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Iodine & Hormones

by
author image Owen Bond
Owen Bond began writing professionally in 1997. Bond wrote and published a monthly nutritional newsletter for six years while working in Brisbane, Australia as an accredited nutritionalist. Some of his articles were published in the "Brisbane Courier-Mail" newspaper. He received a Master of Science in nutrition from the University of Saskatchewan.
Iodine & Hormones
A bowl of salted seaweed with kimchi and rice. Photo Credit jreika/iStock/Getty Images

Iodine is an essential element for human health and widely required in biological functions. Iodine is a central component of thyroid gland hormones but also plays an important role in the regulation and sensitivity of other hormones. Due mainly to soil depletion and inadequate diets, iodine deficiency is common in poor countries and is estimated to affect about one-third of the world’s population.

Iodine and Thyroid Hormones

Iodine is especially important for the normal functioning of the thyroid gland. Iodine is the main element within thyroxine and triiodothyronine, thyroid hormones that regulate cellular metabolism and energy production. An overactive thyroid typically leads to weight loss, nervousness and higher body temperature, whereas an inactive thyroid leads to weight gain, severe fatigue and colder hands and feet, according to “Human Biochemistry and Disease.” In addition to thyroid hormones, iodine appears to be related to other hormones.

Iodine and Estrogen

According to Dr. David Brownstein, author of “Iodine: Why You Need It, Why You Can't Live Without It,” iodine can help maintain and correct the balance of estrogen, especially the estriol-form. After the thyroid gland, the ovaries have the second largest concentration of iodine in the body, which affects ovarian production of estrogens and changes in the estrogen receptors of breasts. As such, iodine deficiency results in increased estrogen production and increased sensitivity of estrogen receptors in the breast. Iodine therapy may be of benefit for helping control estrogen-dependent cancers, such as breast cancer. A study published in a 2005 edition of the “Journal of Nutrition” found that Japanese consumption of iodine-rich kelp may contribute to their lower incidence of hormone-dependent cancers.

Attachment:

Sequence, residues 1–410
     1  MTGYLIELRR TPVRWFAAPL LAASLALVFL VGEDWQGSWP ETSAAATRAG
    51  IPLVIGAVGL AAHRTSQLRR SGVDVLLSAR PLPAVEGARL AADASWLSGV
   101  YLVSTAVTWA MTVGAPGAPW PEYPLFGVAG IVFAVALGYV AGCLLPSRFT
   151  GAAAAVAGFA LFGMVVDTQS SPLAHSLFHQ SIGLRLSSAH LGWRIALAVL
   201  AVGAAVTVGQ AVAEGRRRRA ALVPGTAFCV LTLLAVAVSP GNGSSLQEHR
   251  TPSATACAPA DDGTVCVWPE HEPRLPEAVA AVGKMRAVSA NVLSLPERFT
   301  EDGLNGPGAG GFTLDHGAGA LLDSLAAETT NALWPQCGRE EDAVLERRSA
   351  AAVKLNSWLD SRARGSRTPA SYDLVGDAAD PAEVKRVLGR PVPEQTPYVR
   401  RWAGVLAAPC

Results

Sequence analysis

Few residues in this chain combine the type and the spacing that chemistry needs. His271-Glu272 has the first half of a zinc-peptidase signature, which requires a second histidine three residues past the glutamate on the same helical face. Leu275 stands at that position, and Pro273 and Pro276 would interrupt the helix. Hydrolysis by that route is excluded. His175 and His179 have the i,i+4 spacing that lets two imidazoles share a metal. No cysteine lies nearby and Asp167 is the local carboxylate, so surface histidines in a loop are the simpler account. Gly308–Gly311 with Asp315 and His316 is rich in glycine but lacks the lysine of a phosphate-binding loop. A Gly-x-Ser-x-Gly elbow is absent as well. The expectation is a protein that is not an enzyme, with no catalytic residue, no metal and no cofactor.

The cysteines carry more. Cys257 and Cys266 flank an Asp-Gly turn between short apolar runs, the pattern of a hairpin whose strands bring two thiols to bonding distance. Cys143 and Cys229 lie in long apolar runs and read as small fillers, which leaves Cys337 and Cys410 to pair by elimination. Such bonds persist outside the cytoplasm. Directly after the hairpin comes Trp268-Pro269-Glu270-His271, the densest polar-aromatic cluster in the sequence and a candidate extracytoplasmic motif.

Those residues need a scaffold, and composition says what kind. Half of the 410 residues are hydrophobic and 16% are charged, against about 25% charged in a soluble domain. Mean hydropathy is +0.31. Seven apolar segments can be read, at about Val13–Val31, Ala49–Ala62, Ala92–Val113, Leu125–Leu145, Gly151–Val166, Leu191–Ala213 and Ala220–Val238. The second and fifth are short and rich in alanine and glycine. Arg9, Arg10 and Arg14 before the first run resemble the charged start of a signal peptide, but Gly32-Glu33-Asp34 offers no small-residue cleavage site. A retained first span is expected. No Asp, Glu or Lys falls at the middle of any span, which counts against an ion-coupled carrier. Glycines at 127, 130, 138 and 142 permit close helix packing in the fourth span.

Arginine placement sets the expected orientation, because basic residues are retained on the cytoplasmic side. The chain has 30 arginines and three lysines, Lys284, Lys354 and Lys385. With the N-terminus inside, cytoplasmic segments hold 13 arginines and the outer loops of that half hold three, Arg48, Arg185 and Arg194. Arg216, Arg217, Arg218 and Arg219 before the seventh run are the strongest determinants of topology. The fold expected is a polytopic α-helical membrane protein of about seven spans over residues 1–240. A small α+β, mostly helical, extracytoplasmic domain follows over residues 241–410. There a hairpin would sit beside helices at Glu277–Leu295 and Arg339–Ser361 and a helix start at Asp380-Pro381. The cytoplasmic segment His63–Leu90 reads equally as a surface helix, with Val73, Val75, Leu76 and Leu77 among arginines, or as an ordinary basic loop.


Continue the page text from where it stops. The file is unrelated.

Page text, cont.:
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Other Hormones

According to the “Textbook of Medical Physiology,” essentially all hormone receptors are dependent on iodine to some extent, which increases the sensitivity of the receptor to the hormone it is related to. For example, iodine can increase the sensitivity of insulin receptors, which is of importance for diabetes, and it can increase the sensitivity of the receptors for neurotransmitters in the brain, such as serotonin and dopamine, which affect mood and cognition. Other hormones affected by iodine concentrations include testosterone, FSH, LH and cortisol.

Recommendations and Deficiency

The recommended daily intake for iodine is 150 mcg per day for both children and adults, according to “Advanced Nutrition: Macronutrients, Micronutrients, and Metabolism.” Taking too much iodine for many weeks or months can disrupt thyroid function and cause nausea. Iodine deficiency quickly leads to goiter, or inflammation of the thyroid, but not necessarily dysfunction. Long-term deficiency eventually results in hypothyroidism, or reduced output from the thyroid, but also changes in production and sensitivity for all hormones in the body. As such, iodine deficiency may be related to a wide-range of hormone-linked conditions, such as ovarian cysts, attention-deficit disorder, low IQ, senility, depression, breast and prostate cancers, diabetes and heart disease.

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